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Executive Interview: AMD CEO Hector Ruiz

CRN Editor-In-Chief Michael Vizard and CRN Senior Editor Edward F. Moltzen recently spoke with Advanced Micro Devices Chairman, President and CEO Hector Ruiz, about the company's future technology direction and channel commitment. Below is an excerpt from the interview.

CRN: Opteron has done some interesting things on the price/performance side of the server equation. Could you enlighten us a little bit more about what's going to happen in terms of price/performance in the server market for this year and next?
Ruiz: When we put together a strategy to become relevant in the enterprise and in the server space, we developed a road map around our strategy for AMD 64 with Opteron as the server product. That's technology on the road map that's clearly aggressive and intense as you look ahead, which we've shown the customer, and part of that road map includes a pretty aggressive migration to a multi-core product beginning next year. But we believe that from the moment that Opteron was created with on-board memory controller and hypertransport technology--all of it known as DirectConnect technology--that really enabled us to [provide] the premier multicore, server CPUs. The intent was to make a significant--not minor, but significant--change to the price/performance equation in the server space. We believe one of the reasons that there has not been as rapid an adoption of people going from two [processors] to four [processors] is there has been a cost, price/-performance issue. People would rather buy two [two-processor servers] rather than one [four-processor server] and our product, we believe, can make a dramatic change to that equation.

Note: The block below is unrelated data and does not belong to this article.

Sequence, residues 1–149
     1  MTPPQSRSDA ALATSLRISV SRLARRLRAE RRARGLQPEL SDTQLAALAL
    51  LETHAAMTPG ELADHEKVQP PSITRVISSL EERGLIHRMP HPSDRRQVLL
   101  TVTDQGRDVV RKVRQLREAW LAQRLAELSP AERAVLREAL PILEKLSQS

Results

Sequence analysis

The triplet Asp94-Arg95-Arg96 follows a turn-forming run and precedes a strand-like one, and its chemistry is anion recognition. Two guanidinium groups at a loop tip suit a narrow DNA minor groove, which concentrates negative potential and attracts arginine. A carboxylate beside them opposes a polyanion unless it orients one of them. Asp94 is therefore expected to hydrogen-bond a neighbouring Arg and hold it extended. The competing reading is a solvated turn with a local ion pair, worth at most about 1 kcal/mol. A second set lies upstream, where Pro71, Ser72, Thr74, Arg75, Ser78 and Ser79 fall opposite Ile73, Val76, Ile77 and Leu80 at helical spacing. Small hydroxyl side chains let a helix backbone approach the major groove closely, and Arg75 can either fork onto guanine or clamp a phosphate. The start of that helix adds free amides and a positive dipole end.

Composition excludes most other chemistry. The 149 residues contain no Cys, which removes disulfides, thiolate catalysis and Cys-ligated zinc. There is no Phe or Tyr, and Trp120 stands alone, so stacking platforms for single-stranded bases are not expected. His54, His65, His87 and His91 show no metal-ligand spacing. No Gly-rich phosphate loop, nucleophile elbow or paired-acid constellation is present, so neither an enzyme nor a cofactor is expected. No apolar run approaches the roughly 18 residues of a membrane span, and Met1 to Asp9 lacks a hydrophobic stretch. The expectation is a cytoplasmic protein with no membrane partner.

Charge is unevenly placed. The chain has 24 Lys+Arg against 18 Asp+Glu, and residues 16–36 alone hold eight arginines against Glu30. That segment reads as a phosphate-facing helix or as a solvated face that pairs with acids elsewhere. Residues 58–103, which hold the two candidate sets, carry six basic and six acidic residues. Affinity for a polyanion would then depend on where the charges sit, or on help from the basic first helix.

CRN: Then why would it be better for people to buy one than two?
Ruiz: Well, that's a price/performance issue. And so we listen to the IT professionals and it gives them a lot of flexibility for a very low cost. They can scale up when they need to four [processors] when they need four. And when they don't, they've got a very powerful machine. Because the cost equation is so heavily skewed in their favor, there's really a benefit from adding performance when you need it.
CRN: So I can scale, essentially, either vertically or horizontally, and it's up to me without having to lock into one particular hardware look and feel or architecture?
Ruiz: The way we kind of like to say it is that we put the customer in control of how he wants to use the processing power.
CRN: Recently you've signed up a number of first-tier vendors for the Opteron. What do you think is going to be the balance going forward between the first tier and the traditional white-box/custom-system guys as it relates to Opteron?

Ruiz: I believe that [for] tier-one people--[Hewlett-Packard], Sun [Microsystems] and IBM--that it's really in their best interest to have a very healthy system integrator market and system integrator participation because it helps make technology available and, in a way, it's sort of an ecosystem that works to everyone's benefit. So I believe that the system integrator market and the white-box space will continue to be a very important and the HPs, IBMs and Suns of the world will continue to encourage them.
CRN: What's the mix now of Opteron systems that are being shipped through tier-one vs. Opteron systems that are being shipped through everyone else, like the custom-systems folks?
Ruiz: I think it's geared toward the tier-one vendors because that's how we started. But the system integrator and custom-system [channel] is growing very rapidly. And my expectation [is that] right now we're in the early stages of the ramp. But my expectation also is that it will, over time, approximate a more balanced situation.

CRN: Do you think it makes it easier for the second-tier guys to sell, once the first-tier guys start embracing Opteron?
Ruiz: I think there is some truth to that. I think that once the market has validated--and I think the tier-ones are the fastest way to do it--a particular technology, then some of the system integrators can focus on the value proposition for their particular [customers] and be able to address some of the very narrow segments that they go after.
CRN: Intel recently came out and said they were going to do 64-bit. Can you articulate the fundamental differences in the end-user approach vs. Intel's approach?